The southwest Colombian province of Cauca has a long and celebrated history of popular resistance to injustice and violence. In a country where decades of war have torn apart the social fabric, breeding a deep (and prudent) fear of involvement in anything political — because such involvement so often gets people killed — the communities of Cauca have not only continued to stand up against exploitation and attacks, but to do so with force and unity, in enormous numbers.
It is a beautiful, life-affirming place.
Led by a five-centuries-old indigenous resistance, the social movement in Cauca is exceptionally well organized. Campesinos (peasant farmers), Afro-Colombian groups, and trade unions routinely join their “elder brothers and sisters” — as they often refer to Cauca’s indigenous groups — in multi-day marches along the Pan-American Highway, or occupations of it, involving tens of thousand of people, standing up for life and dignified conditions of living. In September 2004, about 60,000 marched three days along the highway demanding respect for their autonomy and protesting President Alvaro Uribe Velez’s economic and security policies.
On a number of occasions over recent years, when Revolutionary Armed Forces of Colombia (FARC) guerrillas have kidnapped indigenous leaders, the Nasa — Cauca’s largest indigenous group — have sent a few hundred people after them into the mountains, unarmed except for their bastones de mando (authority sticks), and persuaded the FARC to hand over those they had kidnapped. Last month, a tightly knit coalition of indigenous, campesino, Afro-Colombian and union organizations launched a campaign to reclaim stolen lands and demand land reform — in a country where 0.4% of the population now controls over half the agricultural land — calling the effort “Liberation of Mother Earth.”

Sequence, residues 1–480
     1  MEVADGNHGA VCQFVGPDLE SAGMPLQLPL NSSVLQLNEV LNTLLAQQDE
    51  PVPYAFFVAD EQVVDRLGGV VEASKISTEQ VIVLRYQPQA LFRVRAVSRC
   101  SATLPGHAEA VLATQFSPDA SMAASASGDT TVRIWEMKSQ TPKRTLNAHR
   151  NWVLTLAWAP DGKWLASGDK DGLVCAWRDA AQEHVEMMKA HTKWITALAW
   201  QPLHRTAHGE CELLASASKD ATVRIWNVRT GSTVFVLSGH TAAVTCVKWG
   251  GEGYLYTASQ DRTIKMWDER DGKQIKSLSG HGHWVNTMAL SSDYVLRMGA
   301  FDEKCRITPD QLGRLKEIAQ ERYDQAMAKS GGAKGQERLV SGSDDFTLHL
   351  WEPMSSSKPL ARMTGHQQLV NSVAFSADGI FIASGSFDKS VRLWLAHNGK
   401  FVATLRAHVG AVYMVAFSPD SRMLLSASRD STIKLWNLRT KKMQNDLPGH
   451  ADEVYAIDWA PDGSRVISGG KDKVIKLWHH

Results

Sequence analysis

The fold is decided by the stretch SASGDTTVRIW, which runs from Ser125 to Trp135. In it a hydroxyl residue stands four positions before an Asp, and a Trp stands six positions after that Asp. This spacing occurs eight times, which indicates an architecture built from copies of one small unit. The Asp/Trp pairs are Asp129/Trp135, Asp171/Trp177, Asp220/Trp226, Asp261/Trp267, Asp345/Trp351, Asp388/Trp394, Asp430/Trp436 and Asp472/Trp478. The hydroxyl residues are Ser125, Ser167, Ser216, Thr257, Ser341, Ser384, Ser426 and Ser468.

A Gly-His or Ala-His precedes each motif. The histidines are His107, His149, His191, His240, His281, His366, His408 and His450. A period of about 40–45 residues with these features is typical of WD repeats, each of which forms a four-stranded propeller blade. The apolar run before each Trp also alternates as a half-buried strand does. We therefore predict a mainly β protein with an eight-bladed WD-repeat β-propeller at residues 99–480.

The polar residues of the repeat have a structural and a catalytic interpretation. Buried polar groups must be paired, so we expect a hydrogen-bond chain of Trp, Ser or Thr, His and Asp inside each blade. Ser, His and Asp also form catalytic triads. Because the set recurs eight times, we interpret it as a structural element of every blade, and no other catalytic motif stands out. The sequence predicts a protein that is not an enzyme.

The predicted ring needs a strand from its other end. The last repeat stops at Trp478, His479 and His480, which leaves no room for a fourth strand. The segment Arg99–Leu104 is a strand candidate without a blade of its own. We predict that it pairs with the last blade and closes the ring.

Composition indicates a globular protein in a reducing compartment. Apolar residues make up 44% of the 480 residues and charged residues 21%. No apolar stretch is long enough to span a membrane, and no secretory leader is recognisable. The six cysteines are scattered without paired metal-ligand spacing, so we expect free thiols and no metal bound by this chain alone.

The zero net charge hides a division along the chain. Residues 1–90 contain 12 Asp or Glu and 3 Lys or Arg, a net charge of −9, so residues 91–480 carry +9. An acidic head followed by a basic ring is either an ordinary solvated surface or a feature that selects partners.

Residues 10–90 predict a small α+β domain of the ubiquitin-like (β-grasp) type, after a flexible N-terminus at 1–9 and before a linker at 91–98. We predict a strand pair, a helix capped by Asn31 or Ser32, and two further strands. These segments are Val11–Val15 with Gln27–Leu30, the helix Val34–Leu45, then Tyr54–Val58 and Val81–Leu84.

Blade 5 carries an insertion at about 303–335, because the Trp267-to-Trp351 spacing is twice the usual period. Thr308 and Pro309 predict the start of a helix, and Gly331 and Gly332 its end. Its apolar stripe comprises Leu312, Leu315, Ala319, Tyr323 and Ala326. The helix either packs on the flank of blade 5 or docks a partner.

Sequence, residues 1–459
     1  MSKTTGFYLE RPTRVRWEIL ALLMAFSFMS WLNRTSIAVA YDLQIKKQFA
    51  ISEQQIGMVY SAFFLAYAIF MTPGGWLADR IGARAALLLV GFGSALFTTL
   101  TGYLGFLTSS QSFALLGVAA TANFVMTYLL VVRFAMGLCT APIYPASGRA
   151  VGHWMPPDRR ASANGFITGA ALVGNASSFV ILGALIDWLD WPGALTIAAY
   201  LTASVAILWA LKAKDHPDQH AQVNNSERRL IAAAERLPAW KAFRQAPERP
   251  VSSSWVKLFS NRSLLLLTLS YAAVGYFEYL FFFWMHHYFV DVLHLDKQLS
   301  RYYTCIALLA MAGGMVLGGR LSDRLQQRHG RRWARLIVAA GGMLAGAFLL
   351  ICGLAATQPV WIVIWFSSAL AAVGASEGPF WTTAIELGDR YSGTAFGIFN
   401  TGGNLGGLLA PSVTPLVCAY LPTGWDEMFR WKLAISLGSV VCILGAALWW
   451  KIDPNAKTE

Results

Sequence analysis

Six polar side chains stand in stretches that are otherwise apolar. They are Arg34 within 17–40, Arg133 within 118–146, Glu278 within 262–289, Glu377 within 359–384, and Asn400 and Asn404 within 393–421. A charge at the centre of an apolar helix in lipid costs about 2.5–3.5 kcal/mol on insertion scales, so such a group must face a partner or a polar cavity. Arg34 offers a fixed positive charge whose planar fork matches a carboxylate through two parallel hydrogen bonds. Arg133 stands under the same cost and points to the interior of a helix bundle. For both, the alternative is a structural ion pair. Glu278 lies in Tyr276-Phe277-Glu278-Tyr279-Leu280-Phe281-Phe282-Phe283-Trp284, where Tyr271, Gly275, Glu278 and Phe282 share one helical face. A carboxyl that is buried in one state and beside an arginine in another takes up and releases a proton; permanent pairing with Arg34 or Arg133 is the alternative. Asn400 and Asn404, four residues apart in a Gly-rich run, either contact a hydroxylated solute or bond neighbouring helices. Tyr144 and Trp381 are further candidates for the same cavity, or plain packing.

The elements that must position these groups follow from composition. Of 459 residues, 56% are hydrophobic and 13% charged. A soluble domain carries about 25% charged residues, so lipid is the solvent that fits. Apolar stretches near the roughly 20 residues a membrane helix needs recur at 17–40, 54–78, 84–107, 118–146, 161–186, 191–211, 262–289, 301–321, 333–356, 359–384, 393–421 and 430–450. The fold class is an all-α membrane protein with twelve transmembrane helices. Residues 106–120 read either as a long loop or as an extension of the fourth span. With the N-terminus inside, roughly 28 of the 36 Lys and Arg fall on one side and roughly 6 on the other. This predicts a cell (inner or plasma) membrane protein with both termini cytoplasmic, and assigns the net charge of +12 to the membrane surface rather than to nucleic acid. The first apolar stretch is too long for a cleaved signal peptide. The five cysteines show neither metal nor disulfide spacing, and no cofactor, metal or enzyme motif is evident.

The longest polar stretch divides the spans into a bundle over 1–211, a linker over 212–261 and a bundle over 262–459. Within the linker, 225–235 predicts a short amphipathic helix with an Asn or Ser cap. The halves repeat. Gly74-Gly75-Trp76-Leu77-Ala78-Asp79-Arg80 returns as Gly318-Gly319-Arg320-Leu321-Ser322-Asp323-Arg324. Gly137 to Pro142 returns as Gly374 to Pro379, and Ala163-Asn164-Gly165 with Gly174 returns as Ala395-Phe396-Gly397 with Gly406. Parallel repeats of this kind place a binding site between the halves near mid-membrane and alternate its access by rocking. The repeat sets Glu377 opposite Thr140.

This kind of resistance has its costs and consequences. Nearly every time Cauca’s indigenous organizations announce a new march or “Mobilization” (the name they use for long-term occupations of the highway), Colombia’s usually unflappable rightist president gets on TV and radio to plead with them to call it off. When they go ahead with their plans anyway, military and government officials call them guerrillas, sanctioning paramilitary attacks. When the police attempt to dislodge them, there are always many wounded, and often a few killed — as happened just a couple weeks ago when indigenous squatters refused to budge from land they had reclaimed.
And there are other risks. Word arrived yesterday that two of the movement’s most visible leaders have been jailed.
The latest attempt to silence resistance